Gilly Leshed is a senior lecturer in the Department of Information Science at Cornell. Her teaching and research interests are in Human-Computer Interaction (HCI) and Computer-Supported Cooperative Work (CSCW), in which she uses quantitative and qualitative methods and technology design to examine how individuals and groups accomplish tasks and socialize and the roles information technology plays in these interactions. She is particularly interested in designing interactive technologies that empower marginalized populations. Some of her works include visually-impaired users of social media, smallholder coffee farmers in Latin America, and Amazon Mechanical Turk workers. She is the Director of the Master of Professional Studies in Information Science, and is the faculty supervisor of the Design & Tech Initiative Project Team.
Human-computer interfaces have become a part of everyday life, whether we consider technology that we use at home or at work. People rely on technology to help them achieve a goal or solve a problem, and this idea is central to the emerging and rapidly expanding field of human-centered design: Who is using the interface, and for what purpose? How can we help them do that better? Answering these questions should be at the heart of the design process, as technologies are ultimately for people to use, and designers need to make this as intuitive and smooth as possible.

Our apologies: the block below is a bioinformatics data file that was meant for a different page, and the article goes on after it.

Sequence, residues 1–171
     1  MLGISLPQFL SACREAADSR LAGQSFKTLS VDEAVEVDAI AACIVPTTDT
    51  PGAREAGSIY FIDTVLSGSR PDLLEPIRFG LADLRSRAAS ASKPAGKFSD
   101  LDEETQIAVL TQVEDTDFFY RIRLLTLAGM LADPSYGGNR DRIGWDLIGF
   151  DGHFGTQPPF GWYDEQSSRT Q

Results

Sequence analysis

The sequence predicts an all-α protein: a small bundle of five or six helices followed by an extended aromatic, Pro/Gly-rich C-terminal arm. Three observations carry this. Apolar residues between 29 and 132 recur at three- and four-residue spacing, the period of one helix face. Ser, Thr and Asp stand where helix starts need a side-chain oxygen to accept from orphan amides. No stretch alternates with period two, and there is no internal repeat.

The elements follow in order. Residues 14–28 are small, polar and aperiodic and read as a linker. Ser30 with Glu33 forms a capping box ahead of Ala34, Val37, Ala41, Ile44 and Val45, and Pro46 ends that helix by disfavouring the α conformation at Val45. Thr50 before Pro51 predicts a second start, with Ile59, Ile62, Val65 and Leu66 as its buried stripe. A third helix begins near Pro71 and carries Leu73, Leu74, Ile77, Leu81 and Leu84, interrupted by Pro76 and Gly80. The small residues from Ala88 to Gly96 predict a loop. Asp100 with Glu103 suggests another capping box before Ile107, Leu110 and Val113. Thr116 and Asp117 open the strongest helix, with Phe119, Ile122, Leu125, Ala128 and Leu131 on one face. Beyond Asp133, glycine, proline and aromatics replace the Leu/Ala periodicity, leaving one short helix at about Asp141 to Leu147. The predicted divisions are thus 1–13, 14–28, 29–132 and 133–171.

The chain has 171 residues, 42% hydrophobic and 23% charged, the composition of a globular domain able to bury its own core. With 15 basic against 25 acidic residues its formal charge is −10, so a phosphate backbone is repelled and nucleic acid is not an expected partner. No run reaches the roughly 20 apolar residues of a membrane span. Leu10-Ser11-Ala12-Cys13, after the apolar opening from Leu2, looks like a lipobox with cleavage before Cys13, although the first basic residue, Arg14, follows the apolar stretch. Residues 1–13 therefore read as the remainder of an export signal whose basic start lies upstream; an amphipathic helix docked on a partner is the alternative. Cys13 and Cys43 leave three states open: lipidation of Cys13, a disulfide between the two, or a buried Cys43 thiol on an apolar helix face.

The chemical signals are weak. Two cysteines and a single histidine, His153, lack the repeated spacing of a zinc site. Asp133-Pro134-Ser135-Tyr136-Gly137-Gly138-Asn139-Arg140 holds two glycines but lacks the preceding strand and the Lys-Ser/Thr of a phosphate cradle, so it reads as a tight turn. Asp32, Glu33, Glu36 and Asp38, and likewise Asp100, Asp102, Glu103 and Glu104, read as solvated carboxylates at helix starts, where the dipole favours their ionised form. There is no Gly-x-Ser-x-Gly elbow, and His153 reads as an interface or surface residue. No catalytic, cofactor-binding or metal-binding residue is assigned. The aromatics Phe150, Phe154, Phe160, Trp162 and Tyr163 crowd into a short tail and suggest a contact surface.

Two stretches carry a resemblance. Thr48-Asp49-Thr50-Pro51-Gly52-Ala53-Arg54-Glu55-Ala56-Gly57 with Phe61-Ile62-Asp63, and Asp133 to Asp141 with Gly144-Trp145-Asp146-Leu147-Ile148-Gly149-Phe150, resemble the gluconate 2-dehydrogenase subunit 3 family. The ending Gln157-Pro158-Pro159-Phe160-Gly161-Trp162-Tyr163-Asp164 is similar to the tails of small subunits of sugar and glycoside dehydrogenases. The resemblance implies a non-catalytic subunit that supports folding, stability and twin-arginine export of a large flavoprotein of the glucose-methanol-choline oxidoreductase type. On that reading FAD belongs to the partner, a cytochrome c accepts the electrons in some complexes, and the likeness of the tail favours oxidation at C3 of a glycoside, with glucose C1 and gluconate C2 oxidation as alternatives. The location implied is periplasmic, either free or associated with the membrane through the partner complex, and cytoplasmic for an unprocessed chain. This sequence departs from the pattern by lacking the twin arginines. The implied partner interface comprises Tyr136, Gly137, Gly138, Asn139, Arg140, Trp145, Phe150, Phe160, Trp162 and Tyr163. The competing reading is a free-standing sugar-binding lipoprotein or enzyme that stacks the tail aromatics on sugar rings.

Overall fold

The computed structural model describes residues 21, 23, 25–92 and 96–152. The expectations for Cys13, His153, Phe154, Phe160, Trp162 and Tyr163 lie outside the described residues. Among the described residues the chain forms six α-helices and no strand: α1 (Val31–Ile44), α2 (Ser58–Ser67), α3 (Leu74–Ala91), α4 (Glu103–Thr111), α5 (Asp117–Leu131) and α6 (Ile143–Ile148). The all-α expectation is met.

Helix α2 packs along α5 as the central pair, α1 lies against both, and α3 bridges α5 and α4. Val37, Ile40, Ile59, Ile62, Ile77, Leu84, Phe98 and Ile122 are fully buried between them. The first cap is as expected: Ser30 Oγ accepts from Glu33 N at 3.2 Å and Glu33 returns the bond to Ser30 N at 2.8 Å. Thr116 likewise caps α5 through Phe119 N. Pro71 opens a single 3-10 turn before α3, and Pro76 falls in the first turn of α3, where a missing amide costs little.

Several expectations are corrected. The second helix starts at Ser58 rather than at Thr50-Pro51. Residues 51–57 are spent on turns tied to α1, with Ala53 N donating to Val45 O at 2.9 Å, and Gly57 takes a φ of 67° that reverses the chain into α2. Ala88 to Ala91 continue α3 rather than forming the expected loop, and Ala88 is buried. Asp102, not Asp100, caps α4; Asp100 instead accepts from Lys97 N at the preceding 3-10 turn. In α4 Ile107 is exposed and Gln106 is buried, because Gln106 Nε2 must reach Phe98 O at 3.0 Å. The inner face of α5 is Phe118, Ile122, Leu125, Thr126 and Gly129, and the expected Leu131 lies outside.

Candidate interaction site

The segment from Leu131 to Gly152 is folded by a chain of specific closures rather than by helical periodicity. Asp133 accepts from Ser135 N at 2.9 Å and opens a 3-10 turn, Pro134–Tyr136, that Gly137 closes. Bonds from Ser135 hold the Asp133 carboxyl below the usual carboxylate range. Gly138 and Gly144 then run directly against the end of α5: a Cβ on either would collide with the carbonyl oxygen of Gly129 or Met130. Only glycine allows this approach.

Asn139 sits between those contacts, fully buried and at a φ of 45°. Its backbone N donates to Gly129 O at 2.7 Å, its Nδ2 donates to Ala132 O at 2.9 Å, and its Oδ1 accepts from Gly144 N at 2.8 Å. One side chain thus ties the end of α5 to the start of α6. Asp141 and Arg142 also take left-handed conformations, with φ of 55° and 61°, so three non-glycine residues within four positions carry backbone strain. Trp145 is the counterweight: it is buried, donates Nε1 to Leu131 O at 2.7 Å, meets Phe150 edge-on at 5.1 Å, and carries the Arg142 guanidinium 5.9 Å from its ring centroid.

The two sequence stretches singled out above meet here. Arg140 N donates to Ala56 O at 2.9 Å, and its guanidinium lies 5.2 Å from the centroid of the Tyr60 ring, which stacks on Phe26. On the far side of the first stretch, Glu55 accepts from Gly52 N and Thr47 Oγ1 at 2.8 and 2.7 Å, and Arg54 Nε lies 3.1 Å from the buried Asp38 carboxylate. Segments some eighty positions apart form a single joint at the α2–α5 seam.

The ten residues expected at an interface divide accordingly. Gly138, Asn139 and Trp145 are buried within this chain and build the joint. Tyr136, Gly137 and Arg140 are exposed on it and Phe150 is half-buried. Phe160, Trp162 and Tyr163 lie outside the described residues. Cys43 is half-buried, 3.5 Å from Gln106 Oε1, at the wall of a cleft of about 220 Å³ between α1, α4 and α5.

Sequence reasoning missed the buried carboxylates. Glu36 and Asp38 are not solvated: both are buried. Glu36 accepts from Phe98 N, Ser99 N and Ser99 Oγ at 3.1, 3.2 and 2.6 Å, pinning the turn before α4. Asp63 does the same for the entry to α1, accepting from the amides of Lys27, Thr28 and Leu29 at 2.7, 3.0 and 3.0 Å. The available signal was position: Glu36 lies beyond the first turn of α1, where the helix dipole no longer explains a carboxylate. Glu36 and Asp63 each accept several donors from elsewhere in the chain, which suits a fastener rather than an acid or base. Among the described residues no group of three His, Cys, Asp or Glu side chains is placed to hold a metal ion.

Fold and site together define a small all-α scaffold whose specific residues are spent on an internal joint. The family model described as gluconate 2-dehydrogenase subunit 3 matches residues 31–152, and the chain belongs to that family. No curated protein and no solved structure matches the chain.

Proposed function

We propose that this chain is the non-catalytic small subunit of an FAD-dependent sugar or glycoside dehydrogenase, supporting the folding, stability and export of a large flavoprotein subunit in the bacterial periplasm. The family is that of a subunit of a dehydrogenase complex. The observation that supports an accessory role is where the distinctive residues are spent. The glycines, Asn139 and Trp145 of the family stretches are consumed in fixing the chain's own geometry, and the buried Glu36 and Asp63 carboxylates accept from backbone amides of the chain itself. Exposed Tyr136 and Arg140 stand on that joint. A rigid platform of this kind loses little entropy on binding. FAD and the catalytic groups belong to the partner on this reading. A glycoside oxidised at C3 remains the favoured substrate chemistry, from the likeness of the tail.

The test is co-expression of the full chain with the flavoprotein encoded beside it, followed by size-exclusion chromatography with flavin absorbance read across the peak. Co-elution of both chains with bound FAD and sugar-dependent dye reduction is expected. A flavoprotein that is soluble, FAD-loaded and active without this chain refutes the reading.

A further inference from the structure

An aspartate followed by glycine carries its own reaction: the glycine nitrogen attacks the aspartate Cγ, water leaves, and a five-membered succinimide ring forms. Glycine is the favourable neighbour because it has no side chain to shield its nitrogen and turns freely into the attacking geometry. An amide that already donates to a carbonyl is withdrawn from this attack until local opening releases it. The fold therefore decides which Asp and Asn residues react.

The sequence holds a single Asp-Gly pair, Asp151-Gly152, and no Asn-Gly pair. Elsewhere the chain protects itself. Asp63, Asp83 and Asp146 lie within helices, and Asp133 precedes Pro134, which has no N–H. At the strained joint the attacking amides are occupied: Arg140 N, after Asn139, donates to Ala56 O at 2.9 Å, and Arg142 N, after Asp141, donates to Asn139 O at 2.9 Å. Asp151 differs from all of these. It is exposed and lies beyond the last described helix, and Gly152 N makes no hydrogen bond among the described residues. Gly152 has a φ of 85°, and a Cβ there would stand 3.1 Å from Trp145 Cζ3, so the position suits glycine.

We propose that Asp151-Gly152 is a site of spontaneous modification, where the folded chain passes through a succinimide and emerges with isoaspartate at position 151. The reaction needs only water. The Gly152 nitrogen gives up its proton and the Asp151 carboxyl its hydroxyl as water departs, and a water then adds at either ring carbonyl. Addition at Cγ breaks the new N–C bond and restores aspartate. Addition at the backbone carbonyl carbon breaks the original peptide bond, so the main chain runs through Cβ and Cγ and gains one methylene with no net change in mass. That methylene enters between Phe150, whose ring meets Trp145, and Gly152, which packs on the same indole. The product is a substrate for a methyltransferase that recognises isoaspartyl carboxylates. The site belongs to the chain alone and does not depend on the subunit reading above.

Design doesn't happen in a lab; it happens in the world, and gathering information about the users of your product ensures better design. In this course, you will be introduced to human-computer interaction design, use practical methods for applying sound design principles, and execute the entire process. You'll discover the basics of how to identify a human need, how and why you need to keep that need at the center of the design process, uncover what can be measured to improve the design, and ensure that you conduct your research fairly and ethically.
Key Course Takeaways
- Identify the elements of human-computer interaction: the technology, the user, and the interface between the two
- Identify good and bad design from a user interaction perspective
- Measure usability and user experience using human-centered design (HCD) terminology
- Articulate the stages involved in the iterative user-centered design (UCD) process
- Follow ethical conduct when interacting with people in the user-centered design cycle
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How It Works
Who Should Enroll
- Product managers
- Web designers
- Software developers
- Marketing professionals
- UI/UX designers
- Graphic designers
- Instructional designers
- Accessibility specialists
- Anyone focused on customer experience evaluation